|Publication number||US6266525 B1|
|Application number||US 09/213,905|
|Publication date||Jul 24, 2001|
|Filing date||Dec 17, 1998|
|Priority date||Dec 17, 1998|
|Publication number||09213905, 213905, US 6266525 B1, US 6266525B1, US-B1-6266525, US6266525 B1, US6266525B1|
|Inventors||David Cartwright Peterson|
|Original Assignee||Lucent Technologies Inc.|
|Export Citation||BiBTeX, EndNote, RefMan|
|Patent Citations (18), Referenced by (52), Classifications (8), Legal Events (7)|
|External Links: USPTO, USPTO Assignment, Espacenet|
The present invention relates to a method for detecting fraudulent use of a communications system, such as a digital wireless communication system, an analog wireless communication system, a digital cellular system, an analog cellular system, a personal communications service, or the like.
Authentication is a procedure used by a communications system to validate a subscriber station's identity upon a request for access to the communications system. The communications system may grant or deny the subscriber station's request for access according to the authentication procedure. Over time, authentication schemes have become more sophisticated to foil fraud as older analog cellular equipment is supplemented or replaced with newer digital equipment.
In many analog cellular systems in wide-spread use throughout the U.S., each authorized cellular phone is assigned a unique Mobile Identification Number (MIN) to prevent fraudulent use of the cellular phone if it is stolen. However, the unique MIN of an authorized cellular phone may be readily programmed into any compatible unauthorized cellular phone. For example, when an authorized user makes a call from an authorized cellular phone, a fraudulent perpetrator may eavesdrop on a cellular call setup sequence of the authorized cellular phone to obtain the MIN. The fraudulent perpetrator then programs the unauthorized cellular phone to have the same MIN that the authorized cellular phone has. Because the unauthorized cellular phone now has the same identity as the authorized cellular phone, the fraudulent perpetrator can make calls from the unauthorized cellular phone that are billed to the user of the authorized cellular phone.
The GSM (Group Special Mobile) cellular system features a more complex approach to authentication and fraud prevention than many analog cellular systems do. GSM determines a traffic channel encoding key at the fixed end for comparison to a traffic channel encoding key determined at the mobile station. At the fixed end, the GSM cellular system has an authentication center including a random number generator, a database for subscriber ciphering keys, and a ciphering/deciphering algorithm. The random number generator generates a random number in response to a mobile station's request for access. The ciphering/deciphering algorithm derives a traffic channel encoding key from the random number and a subscriber ciphering key from the database. The authentication center sends the random number to the base station through communication lines. The base station transmits the random number to the mobile station via radio frequency (RF) communication.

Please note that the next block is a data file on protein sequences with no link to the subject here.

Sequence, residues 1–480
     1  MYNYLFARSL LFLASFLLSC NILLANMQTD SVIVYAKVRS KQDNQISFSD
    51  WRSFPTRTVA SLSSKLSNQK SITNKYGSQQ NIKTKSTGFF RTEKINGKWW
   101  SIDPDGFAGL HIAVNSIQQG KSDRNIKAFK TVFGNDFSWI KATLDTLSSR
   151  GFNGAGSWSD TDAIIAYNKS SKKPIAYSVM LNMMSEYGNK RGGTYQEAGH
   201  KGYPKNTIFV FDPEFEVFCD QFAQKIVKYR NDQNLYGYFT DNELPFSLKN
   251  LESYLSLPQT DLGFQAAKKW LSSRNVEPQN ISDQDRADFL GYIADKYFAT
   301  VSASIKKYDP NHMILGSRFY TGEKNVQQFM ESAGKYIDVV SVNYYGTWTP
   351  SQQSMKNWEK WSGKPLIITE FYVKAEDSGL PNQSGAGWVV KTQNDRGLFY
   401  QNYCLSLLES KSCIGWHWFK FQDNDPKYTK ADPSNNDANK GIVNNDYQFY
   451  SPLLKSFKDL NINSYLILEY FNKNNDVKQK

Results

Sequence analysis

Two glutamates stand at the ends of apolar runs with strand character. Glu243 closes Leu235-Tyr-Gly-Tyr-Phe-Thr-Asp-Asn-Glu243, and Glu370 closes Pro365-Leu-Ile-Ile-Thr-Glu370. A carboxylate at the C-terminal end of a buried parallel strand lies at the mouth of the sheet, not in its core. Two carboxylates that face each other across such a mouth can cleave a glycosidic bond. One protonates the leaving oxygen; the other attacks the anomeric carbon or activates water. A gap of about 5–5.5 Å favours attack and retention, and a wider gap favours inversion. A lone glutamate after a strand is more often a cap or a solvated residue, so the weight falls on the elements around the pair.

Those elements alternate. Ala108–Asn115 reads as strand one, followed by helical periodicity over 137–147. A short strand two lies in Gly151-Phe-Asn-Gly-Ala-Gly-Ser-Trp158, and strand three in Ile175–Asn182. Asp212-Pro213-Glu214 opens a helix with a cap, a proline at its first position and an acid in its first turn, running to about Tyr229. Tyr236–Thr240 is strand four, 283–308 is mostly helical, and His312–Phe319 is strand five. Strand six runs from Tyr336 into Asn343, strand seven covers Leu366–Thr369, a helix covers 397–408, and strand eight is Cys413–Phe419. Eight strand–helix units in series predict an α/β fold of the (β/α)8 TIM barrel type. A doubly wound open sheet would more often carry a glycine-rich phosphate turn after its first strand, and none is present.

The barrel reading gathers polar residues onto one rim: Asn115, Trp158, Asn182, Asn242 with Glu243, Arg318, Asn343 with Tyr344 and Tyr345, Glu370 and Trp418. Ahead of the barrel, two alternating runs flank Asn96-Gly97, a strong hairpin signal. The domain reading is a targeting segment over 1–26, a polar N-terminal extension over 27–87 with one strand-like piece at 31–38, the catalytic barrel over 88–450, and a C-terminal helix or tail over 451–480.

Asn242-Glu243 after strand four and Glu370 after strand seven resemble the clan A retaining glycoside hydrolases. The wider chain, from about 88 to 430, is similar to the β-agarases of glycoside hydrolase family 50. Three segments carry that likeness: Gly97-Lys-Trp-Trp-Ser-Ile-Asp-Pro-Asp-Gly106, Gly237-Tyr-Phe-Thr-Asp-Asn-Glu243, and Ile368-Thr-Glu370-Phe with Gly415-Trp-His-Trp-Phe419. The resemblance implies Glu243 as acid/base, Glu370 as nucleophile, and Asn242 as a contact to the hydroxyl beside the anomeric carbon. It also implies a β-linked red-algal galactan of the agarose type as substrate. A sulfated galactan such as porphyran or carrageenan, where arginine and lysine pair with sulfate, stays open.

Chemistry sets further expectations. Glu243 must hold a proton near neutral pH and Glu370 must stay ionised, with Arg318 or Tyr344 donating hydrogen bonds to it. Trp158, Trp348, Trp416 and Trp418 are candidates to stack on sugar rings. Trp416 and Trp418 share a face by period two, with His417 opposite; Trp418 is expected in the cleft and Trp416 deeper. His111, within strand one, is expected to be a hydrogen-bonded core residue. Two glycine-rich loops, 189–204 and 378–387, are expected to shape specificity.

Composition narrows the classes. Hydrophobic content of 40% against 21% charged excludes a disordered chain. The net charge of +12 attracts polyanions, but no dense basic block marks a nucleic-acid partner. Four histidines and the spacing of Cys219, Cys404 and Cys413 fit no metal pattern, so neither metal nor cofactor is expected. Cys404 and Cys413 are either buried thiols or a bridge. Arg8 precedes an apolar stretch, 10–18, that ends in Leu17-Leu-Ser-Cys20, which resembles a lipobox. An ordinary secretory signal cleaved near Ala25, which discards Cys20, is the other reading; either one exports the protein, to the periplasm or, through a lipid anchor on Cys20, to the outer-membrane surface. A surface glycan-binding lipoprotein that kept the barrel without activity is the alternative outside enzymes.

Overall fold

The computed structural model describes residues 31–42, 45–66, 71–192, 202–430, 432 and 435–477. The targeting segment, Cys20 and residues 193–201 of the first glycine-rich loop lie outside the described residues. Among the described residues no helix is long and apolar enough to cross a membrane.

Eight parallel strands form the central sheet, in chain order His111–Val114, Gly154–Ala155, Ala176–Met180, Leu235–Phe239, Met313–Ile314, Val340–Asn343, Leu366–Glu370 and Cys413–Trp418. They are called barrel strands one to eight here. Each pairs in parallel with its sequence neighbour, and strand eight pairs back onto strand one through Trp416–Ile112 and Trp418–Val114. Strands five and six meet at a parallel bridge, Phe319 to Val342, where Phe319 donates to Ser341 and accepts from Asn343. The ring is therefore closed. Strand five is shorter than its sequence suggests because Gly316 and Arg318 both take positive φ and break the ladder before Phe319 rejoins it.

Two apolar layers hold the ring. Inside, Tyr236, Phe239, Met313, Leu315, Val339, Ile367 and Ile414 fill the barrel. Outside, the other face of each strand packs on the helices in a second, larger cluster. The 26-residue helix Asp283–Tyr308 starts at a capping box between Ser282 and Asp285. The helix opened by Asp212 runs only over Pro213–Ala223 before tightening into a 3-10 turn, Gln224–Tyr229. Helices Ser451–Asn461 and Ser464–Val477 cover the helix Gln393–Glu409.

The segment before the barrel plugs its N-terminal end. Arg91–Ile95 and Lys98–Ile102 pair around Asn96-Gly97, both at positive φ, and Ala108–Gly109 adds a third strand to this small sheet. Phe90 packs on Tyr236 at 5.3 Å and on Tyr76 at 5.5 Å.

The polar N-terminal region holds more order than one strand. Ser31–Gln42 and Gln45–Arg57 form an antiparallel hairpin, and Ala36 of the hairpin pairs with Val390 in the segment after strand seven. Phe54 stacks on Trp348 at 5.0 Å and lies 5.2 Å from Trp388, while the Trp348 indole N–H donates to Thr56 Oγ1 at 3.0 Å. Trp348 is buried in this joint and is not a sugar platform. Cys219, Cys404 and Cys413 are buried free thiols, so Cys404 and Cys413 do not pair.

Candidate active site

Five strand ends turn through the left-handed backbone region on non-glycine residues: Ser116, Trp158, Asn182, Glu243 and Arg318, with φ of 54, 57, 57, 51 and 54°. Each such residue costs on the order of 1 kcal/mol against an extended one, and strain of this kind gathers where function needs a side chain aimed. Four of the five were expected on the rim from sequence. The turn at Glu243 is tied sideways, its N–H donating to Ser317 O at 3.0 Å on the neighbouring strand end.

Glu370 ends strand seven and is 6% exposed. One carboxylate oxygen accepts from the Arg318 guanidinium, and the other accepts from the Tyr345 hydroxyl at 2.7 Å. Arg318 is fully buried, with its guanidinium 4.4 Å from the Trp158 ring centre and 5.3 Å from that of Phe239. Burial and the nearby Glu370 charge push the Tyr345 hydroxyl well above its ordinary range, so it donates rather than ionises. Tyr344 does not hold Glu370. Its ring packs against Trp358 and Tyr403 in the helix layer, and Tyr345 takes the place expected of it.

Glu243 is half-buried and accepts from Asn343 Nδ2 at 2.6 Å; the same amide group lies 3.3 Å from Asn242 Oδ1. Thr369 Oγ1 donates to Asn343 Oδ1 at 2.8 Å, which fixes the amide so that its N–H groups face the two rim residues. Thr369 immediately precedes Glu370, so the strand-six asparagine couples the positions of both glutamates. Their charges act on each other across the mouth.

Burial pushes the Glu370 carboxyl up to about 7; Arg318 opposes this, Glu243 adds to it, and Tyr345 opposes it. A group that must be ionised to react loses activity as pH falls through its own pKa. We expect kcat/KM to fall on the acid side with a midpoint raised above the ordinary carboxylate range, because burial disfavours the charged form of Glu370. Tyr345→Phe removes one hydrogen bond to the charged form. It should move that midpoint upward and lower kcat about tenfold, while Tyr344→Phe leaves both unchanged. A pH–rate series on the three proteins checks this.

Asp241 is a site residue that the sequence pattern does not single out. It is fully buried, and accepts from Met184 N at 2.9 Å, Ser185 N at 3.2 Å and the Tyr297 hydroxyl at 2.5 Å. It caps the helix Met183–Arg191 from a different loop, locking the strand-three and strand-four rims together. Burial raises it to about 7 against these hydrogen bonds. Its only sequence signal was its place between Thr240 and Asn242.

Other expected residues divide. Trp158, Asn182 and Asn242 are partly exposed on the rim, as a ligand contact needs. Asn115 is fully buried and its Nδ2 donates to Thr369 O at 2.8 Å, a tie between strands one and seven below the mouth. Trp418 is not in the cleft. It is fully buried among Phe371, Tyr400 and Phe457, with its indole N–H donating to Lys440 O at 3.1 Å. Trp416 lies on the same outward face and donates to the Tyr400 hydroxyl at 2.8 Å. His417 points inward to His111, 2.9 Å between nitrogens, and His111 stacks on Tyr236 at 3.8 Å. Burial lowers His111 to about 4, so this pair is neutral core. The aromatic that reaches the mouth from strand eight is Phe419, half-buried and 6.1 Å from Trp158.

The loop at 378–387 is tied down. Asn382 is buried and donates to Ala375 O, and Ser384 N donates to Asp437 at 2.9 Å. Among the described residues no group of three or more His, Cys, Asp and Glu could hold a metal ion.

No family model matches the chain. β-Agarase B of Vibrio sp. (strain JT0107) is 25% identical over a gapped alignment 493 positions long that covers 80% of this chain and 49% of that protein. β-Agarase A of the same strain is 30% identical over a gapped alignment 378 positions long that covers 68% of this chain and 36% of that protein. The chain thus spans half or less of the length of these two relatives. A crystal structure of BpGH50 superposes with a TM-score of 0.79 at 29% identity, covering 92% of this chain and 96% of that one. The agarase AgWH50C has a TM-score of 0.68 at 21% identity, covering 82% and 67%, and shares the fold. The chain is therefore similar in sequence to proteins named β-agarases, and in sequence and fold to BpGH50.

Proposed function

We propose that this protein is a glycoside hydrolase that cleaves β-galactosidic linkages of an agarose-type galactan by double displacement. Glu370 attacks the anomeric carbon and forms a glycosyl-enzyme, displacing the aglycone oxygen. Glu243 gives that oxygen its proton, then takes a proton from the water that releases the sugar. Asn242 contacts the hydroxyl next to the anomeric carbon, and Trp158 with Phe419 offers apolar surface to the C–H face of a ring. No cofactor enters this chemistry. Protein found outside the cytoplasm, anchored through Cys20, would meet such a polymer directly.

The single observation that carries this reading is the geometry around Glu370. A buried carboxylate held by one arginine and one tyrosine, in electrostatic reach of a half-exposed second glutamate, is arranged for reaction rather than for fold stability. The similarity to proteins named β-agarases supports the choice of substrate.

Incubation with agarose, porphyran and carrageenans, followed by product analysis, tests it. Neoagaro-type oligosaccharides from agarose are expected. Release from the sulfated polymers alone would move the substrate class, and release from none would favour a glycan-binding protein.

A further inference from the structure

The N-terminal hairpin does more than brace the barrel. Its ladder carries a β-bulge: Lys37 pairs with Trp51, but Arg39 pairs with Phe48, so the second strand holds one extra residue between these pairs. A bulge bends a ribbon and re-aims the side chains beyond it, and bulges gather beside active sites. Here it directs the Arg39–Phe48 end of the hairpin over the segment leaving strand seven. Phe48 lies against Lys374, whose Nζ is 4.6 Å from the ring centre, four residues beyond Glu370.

At the mobile end, the mobile station receives the random number and generates the same traffic channel encoding key as the fixed end does. The mobile station generates the same traffic channel encoding key from the random number and its locally-stored subscriber ciphering key. The traffic channel encoding key is generated for use only during a single call between the base station and the mobile station and is regenerated for each new communication.
In addition, to the above authentication procedure, GSM further includes a signed response algorithm for generating a signed response from the subscriber ciphering key and the random generator. If the signed response calculated at the authentication center matches the signed response calculated at the mobile unit, the communication access of the mobile is valid. The comparison of the signed response of the mobile unit and the authentication center is made in the fixed end equipment after the mobile transmits the signed response to the base station.